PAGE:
Visit the World Museum of Mining in the Orphan Girl Mine yard.
Much as its name suggests, Butte’s Orphan Girl Mine stands apart, on the western outskirts of the city. Despite this, the mine has always been a big feature in Butte life.
Placer mining–searching the stream bed for minerals–had never been very successful in Butte, and it wasn’t until the 1870s that the area started to show some promise with the introduction of hardrock mining. The Orphan Girl, opened in 1875, was among the first generation of hardrock mines. Like those other early mines, the Orphan Girl was a silver mine, and, unlike some of the others, it never produced much copper. It did, however, continue to produce a steady stream of silver, and stayed in operation until the 1950s.
Today, the Orphan Girl complex is the home of the magnificent World Museum of Mining. The sprawling museum complex is a must-visit for anyone interested in learning more about mining in Butte. Much of the industrial equipment of the mine remains intact: visitors can see the hoist house, and the cages the miners rode into the mine, they can climb the 100 foot tall headframe and, best of all, can take a guided tour 100 feet into the mine itself.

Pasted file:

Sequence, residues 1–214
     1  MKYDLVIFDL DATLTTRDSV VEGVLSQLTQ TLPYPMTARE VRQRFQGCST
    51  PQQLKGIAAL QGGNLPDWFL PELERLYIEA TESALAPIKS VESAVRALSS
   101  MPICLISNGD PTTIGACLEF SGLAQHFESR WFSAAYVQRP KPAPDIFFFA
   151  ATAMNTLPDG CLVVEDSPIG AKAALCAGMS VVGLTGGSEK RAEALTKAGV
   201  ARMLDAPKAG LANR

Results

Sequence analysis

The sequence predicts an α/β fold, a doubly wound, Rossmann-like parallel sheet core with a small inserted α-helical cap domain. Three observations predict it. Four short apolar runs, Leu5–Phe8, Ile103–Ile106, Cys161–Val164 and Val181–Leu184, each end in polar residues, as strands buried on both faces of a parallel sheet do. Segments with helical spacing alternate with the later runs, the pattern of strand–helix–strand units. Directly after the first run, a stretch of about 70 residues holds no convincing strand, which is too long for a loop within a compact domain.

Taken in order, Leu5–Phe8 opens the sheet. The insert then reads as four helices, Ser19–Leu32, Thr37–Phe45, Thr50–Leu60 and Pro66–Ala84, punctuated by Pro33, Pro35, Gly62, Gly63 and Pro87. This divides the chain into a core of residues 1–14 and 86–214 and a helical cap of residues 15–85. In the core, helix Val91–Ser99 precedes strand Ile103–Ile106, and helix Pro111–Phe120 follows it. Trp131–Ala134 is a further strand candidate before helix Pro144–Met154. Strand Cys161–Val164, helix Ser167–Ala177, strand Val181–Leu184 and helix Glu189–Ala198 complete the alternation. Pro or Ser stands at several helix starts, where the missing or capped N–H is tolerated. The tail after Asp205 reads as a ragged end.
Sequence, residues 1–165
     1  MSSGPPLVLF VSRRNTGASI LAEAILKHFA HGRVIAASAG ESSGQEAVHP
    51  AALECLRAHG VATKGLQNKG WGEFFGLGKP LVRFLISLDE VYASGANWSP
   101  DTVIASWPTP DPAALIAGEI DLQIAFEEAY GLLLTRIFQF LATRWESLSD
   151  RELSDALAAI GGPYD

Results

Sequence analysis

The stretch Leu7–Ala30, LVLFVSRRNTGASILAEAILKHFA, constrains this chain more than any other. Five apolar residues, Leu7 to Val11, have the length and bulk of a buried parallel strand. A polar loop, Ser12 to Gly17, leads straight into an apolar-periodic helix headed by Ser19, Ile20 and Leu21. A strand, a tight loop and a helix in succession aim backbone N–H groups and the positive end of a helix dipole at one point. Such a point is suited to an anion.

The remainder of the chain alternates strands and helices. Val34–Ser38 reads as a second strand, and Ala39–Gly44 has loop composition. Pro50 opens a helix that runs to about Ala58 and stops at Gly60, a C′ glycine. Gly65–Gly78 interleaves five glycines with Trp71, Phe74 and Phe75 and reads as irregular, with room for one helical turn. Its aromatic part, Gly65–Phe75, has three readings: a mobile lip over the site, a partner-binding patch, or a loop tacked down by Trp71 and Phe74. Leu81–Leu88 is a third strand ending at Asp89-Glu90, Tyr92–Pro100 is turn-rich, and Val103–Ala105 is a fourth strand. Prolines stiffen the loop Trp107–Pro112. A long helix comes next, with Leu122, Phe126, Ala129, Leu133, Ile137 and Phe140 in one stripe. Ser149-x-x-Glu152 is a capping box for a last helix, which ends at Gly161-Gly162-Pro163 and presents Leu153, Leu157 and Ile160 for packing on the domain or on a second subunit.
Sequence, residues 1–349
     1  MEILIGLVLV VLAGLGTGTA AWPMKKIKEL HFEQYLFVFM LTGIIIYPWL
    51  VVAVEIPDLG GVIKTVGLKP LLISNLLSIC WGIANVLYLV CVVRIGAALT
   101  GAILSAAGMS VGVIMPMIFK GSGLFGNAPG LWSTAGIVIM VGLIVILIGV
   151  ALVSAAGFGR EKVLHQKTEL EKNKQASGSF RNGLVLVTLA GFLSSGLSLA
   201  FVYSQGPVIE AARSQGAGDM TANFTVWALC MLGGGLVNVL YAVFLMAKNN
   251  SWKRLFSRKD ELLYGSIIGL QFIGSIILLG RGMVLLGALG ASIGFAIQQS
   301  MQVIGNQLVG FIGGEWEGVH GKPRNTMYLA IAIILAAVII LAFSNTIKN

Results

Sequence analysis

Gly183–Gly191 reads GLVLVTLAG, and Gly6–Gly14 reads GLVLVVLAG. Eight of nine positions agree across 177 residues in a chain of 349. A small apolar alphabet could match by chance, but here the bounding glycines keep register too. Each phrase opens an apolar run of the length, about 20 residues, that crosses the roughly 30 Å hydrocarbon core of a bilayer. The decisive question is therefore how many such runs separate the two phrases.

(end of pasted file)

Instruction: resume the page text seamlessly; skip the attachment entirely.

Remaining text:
It’s important to make sure to give yourself plenty of time for the visit–in addition to the mine yard and equipment, the 22 acre open-air museum has over 50 exhibits, including 15 historic structures and a vast array of artifacts from Buttes heyday at the turn of the 20th century. These exhibits–named Hell Roarin’ Gulch–give a great introduction to the life and culture of Butte.
After visiting the World Museum of Mining, there are plenty of other historic sites you’ll want to check out to get a taste of life in Butte, including the Mai Wah Museum, the Dumas Brothel museum, and the Berkley Pit. And after checking out the original Orphan Girl, it’s worth checking out its namesake–Orphan Girl Bourbon Cream Liqueur from Headframe Spirits.